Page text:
Makita has established itself as a manufacturer of quality 230mm grinders over the years, and the company now offers its GA9040S, which also has a 2,400watt motor and weighs in at 5.6kg. With a soft start feature and very low vibration emissions, the machine has a lot to offer to hire companies. I suspect it will probably not be too long before Makita introduces a current limiter and an anti-restart system on its 180mm and 230mm models, two features that have previously only been available on the smaller GA5021C 125mm-diameter grinder.

The Hitachi G23SCY low-vibration angle grinder is similarly powered by a 2,400watt motor, and yet weighs only 5.1kg. This weight compares very favourably with the manufacturer’s original PDU230 230mm grinder, which was eventually replaced by the G23SC. Both of these original models only had a 2,000watt motor and yet still tipped the scales at approximately 5kg.

The G23SCY is claimed to reduce vibration by 25% compared with previous models. As well as having a low-vibration side handle, it has a quick-release wheel guard. To reinforce just how light this large angle grinder is, it is only necessary to compare its 5.1kg to the weight of Hitachi’s CM9SR 230mm-diameter disc cutter, which is a mighty 7.7kg machine. Much of this extra weight is due to the enlarged blade guard, but this tool is still based on the body of a standard 230mm angle grinder, with the rear handle being turned through 90 for better operator control.

Metabo has three large grinders in its range with an input power level of over 2,000watts. The W21-230, W23-230 and W25-230 have motors of 2,100, 2,300 and 2,500watts respectively. The smallest machine weighs only 4.8kg, the middle unit 4.9kg and the heaviest, not surprisingly the 2,500watt machine, weighs in at only 5.3kg. Metabo grinders have a motor efficiency of 70% and, therefore, the largest W25-230 has an output rating of 1,770watts. With the customary lock-off switches for operator safety, dust protected Marathon motors, vibration dampened handles and auto cut-off carbon brushes, these three grinders offer a great deal of power and high efficiency to users, since they are able to hold their rotational speed when under heavy load.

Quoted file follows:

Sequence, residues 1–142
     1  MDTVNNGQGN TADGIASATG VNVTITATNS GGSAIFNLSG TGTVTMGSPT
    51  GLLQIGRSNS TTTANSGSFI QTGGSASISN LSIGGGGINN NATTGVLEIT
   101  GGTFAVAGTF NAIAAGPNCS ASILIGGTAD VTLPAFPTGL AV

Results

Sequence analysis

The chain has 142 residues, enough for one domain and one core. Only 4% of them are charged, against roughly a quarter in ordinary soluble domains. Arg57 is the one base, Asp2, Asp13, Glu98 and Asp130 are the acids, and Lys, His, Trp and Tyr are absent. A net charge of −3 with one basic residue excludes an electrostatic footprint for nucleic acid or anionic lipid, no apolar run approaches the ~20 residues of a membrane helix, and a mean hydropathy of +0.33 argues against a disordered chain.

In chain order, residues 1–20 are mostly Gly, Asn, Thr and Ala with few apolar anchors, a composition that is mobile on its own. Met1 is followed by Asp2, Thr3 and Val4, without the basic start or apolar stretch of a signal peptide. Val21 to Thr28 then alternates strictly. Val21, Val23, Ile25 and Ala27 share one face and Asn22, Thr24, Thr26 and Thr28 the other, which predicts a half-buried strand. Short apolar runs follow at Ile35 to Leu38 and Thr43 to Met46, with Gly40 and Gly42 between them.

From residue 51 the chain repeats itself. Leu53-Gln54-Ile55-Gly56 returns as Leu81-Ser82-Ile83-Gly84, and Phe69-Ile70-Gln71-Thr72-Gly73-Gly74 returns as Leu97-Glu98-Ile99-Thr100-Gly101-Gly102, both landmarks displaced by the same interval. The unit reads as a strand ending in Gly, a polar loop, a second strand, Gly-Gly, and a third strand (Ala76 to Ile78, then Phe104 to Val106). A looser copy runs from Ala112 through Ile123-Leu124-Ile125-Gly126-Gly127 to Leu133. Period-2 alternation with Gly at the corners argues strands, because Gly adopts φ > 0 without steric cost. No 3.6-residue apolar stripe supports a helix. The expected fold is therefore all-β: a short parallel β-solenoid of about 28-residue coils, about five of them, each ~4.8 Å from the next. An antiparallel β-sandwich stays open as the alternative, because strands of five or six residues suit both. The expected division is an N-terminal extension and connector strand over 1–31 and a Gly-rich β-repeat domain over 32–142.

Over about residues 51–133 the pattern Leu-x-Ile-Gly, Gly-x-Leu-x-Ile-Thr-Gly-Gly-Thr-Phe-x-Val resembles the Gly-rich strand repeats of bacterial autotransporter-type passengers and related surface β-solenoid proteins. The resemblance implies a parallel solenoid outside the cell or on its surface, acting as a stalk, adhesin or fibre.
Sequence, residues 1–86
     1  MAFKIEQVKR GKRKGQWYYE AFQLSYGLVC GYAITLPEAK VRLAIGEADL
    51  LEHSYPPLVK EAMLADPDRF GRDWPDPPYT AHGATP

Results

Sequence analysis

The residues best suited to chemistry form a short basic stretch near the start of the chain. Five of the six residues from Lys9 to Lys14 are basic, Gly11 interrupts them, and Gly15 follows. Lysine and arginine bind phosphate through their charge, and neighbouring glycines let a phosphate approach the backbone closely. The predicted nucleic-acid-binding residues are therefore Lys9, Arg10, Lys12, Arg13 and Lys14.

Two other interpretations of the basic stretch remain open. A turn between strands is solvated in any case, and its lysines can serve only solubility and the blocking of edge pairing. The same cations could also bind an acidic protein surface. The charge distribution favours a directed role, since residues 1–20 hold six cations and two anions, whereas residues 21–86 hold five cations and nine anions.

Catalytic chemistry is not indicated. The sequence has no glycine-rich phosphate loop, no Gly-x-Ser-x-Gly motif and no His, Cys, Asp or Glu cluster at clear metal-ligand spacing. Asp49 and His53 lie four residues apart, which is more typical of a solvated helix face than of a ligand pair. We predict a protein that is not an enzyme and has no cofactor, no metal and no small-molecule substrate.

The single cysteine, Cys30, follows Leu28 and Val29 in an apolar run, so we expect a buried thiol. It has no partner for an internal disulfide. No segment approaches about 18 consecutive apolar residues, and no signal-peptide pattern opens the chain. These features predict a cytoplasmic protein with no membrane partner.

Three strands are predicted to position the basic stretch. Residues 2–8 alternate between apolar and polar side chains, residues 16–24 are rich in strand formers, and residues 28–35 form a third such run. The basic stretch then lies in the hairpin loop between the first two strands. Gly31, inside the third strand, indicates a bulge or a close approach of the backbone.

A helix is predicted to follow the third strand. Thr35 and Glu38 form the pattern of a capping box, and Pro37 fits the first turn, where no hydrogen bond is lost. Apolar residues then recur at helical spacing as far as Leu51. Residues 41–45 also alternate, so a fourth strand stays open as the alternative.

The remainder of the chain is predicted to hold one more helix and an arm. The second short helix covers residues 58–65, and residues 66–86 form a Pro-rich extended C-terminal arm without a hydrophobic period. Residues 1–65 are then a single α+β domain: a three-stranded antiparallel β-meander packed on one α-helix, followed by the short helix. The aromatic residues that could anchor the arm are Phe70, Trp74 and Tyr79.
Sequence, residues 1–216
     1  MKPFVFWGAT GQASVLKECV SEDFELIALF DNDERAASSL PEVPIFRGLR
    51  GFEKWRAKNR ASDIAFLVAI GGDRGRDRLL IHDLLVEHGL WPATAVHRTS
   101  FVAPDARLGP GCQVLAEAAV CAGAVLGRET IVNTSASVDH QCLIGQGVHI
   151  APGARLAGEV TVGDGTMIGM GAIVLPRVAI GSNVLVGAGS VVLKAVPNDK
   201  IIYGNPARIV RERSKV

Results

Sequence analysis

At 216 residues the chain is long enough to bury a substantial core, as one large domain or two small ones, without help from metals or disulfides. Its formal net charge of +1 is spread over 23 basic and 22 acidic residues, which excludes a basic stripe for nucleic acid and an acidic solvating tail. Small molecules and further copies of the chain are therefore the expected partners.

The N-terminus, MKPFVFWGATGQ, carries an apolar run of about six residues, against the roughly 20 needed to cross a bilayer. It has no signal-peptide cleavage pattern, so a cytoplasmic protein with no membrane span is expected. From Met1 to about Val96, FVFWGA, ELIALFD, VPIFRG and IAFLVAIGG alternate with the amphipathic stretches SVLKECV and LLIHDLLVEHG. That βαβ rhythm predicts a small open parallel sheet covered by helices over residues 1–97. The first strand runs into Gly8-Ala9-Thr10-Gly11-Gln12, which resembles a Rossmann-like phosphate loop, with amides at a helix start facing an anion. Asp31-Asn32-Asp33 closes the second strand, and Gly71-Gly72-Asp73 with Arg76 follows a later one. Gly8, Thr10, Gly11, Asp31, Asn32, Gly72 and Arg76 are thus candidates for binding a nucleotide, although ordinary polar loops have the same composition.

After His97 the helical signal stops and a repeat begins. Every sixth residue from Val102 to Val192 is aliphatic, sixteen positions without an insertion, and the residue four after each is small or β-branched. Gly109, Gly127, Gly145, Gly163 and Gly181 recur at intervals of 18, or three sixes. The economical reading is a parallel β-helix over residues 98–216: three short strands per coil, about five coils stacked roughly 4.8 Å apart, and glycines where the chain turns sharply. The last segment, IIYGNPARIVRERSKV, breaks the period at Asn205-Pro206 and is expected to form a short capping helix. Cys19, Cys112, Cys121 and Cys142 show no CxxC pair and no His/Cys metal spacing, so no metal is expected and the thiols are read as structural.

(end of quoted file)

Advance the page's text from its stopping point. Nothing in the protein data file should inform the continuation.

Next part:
Reductions in vibration

DeWalt currently lists four separate large angle grinders of 2,200watts and above. Three of these models are powered by 2,200watt motors, and all have soft start and a tool-free guard.
The D28423 is powered by a 2,400watt motor and is also rated as a low-vibration machine, while the largest grinder in the range is the D28432C, which has a mighty 2,600watt motor. It also has a rotating rear handle that facilitates cutting tasks. The two 2,200watt models have an output power rating of 1,540watts (2hp), whereas the two largest machines offer 1,680 and 1,820watts respectively.

Properly trained operators

The latter output power equates to an absolutely huge 2.5hp, which is two and half times the typical power output of machines from 30 years ago, and is quite daunting. There is little doubt that this type of machine, even if it is fitted with soft start, should only be used by properly trained operators.

Indeed, the massive increase in power, without any great additional weight, enables operators to use these machines for longer periods of time, but the easier they are to use, the more the user should exercise an increased level of care. It should go without saying, of course, that the operator must wear all of the appropriate personal protective equipment to ensure their safety.

Executive Hire NewsArchivesJune 2008Market Report › Power and performance